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US issues 'ironclad' warning to China as fears of armed attack on Philippines intensify

US Secretary of State Antony Blinken has reassured the Philippines of Washington’s “ironclad commitment” to defend it in case of an armed attack, amid escalating tensions with China in the disputed South China Sea.

Blinken met with Philippine Foreign Secretary Enrique Manalo and President Ferdinand Marcos Jr. in Manila on Tuesday, ahead of a White House summit with Marcos and Japanese Prime Minister Fumio Kishida in April.

The three leaders are expected to discuss growing concerns over China’s aggressive actions in the South China Sea and North Korea’s nuclear program.

“We stand with the Philippines and stand by our ironclad defense commitments, including under the Mutual Defense Treaty,” Blinken said at a news conference with Manalo.

“We have a shared concern about the PRC’s actions that threaten our common vision for a free, open Indo-Pacific, including in the South China Sea and in the Philippines’ exclusive economic zone,” Blinken said, using the abbreviation for the People’s Republic of China.

On Tuesday, Blinken refreshed a warning that according to a 1951 Mutual Defense Treaty, the U. S. is obligated to protect the Philippines if Filipino forces or vehicles face an armed attack anywhere in the South China Sea.

In Beijing, Chinese Foreign Ministry spokesperson Lin Jian dismissed Blinken’s remarks about Chinese aggression in the South China Sea.

“The U.S. is not a party to the South China Sea issue and has no right to intervene in maritime issues between China and the Philippines,” Lin stated. “China will continue to take necessary measures to firmly defend its territorial sovereignty and maritime rights and interests and maintain peace and stability in the South China Sea.”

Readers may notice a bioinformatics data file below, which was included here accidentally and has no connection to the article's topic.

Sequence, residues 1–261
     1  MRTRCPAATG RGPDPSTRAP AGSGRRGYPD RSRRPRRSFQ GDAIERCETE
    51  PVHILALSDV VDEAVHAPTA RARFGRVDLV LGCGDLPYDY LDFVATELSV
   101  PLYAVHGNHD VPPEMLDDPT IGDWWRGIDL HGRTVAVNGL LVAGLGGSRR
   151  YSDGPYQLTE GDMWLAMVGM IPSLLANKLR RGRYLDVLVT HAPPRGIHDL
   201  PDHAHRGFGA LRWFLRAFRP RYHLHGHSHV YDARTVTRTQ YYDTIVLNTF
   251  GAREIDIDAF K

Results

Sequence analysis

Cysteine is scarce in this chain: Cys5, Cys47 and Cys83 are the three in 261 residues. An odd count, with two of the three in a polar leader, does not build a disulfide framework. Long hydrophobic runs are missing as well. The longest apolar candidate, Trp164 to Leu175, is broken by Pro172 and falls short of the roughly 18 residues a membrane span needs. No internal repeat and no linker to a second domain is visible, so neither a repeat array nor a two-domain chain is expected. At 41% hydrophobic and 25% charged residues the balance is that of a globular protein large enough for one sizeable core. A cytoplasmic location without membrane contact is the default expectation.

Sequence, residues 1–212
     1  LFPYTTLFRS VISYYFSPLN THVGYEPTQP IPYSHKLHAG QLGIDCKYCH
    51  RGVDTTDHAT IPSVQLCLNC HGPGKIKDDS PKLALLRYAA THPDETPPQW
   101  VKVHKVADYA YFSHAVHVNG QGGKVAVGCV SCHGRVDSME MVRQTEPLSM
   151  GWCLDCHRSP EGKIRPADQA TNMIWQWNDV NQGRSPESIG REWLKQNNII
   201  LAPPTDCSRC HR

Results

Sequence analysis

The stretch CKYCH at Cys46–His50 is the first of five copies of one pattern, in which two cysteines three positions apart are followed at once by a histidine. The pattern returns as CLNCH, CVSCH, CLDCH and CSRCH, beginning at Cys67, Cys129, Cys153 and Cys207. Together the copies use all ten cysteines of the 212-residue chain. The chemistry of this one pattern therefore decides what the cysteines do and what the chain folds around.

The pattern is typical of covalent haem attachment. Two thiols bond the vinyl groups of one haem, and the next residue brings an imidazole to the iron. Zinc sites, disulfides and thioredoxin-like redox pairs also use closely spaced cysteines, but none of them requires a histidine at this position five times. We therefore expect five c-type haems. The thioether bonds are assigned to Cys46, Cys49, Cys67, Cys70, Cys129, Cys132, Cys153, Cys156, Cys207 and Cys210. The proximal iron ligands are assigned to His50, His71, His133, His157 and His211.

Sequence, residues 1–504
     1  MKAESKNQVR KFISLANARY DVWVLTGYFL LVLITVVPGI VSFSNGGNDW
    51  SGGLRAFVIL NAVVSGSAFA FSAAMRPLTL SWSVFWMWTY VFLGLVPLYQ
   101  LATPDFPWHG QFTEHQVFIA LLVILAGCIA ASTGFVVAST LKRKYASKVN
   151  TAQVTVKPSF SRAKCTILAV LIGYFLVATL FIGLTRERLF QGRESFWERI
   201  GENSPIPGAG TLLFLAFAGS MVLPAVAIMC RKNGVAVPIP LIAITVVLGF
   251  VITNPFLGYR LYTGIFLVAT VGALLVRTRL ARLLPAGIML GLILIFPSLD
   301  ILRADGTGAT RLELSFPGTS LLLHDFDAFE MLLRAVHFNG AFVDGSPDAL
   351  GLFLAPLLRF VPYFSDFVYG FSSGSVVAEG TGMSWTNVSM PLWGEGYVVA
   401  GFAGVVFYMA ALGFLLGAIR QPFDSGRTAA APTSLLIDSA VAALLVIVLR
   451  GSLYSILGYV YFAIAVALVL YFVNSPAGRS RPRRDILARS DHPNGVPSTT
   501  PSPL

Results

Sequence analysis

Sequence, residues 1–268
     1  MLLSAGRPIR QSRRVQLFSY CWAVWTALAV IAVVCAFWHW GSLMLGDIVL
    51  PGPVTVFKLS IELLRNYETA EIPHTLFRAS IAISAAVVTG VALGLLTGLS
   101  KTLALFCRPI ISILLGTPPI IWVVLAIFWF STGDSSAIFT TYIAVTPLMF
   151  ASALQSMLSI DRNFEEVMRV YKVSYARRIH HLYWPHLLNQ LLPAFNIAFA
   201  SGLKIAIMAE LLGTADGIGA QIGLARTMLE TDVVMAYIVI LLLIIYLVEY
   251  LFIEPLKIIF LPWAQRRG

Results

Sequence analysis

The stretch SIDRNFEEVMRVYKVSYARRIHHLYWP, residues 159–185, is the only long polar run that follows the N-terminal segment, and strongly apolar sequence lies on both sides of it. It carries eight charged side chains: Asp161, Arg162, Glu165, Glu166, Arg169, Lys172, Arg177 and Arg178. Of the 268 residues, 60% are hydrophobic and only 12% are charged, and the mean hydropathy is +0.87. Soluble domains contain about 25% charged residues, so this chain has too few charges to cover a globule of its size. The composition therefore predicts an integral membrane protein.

Both Blinken and Manalo described their countries’ treaty alliance as being on “hyper-drive,” but admitted that more could be done. They clarified that efforts to strengthen defence ties were not targeted against any country.

Beijing has repeatedly expressed that Marcos’ decision to allow the expansion of American military presence in the Philippines under a 2014 defence pact could threaten the security of China and the region.

U. S. and Philippine forces plan to conduct their largest annual combat exercises in April in the Philippines. The area would include a northern region just a sea away from Taiwan, which China claims as its own territory.

“We reaffirmed our shared view that a strong and capable Philippines would make a formidable ally for the United States,” Manalo declared.

Blinken stated that “the alliance has never been stronger, but we not only have to sustain that, we have to continue to accelerate the momentum.”

Dozens of left-wing activists staged a noisy protest outside the presidential palace in Manila, tearing up a mock U. S.

flag to show their opposition to Blinken’s visit and Washington’s involvement in territorial disputes.

The South China Sea is a resource-rich and busy waterway that is claimed by several countries including China, the Philippines, Vietnam, Malaysia, Taiwan and Brunei.

China claims almost all of the South China Sea and has transformed barren reefs into seven islands that now serve as missile-protected bases, three of which have runways. This has strengthened its ability to enforce its territorial claims and patrols.

In response, Washington has been bolstering military alliances and security ties in the Indo-Pacific, including with the Philippines, Vietnam and other countries at odds with China over the disputed sea.

After China effectively took control of another disputed atoll – the Scarborough Shoal off the northwestern Philippines – in 2012, Manila took its disputes with Beijing to international arbitration and largely won. However, China rejected the 2016 ruling of the United Nations-backed tribunal that invalidated its expansive claims on historical grounds, and continues to defy the decision.


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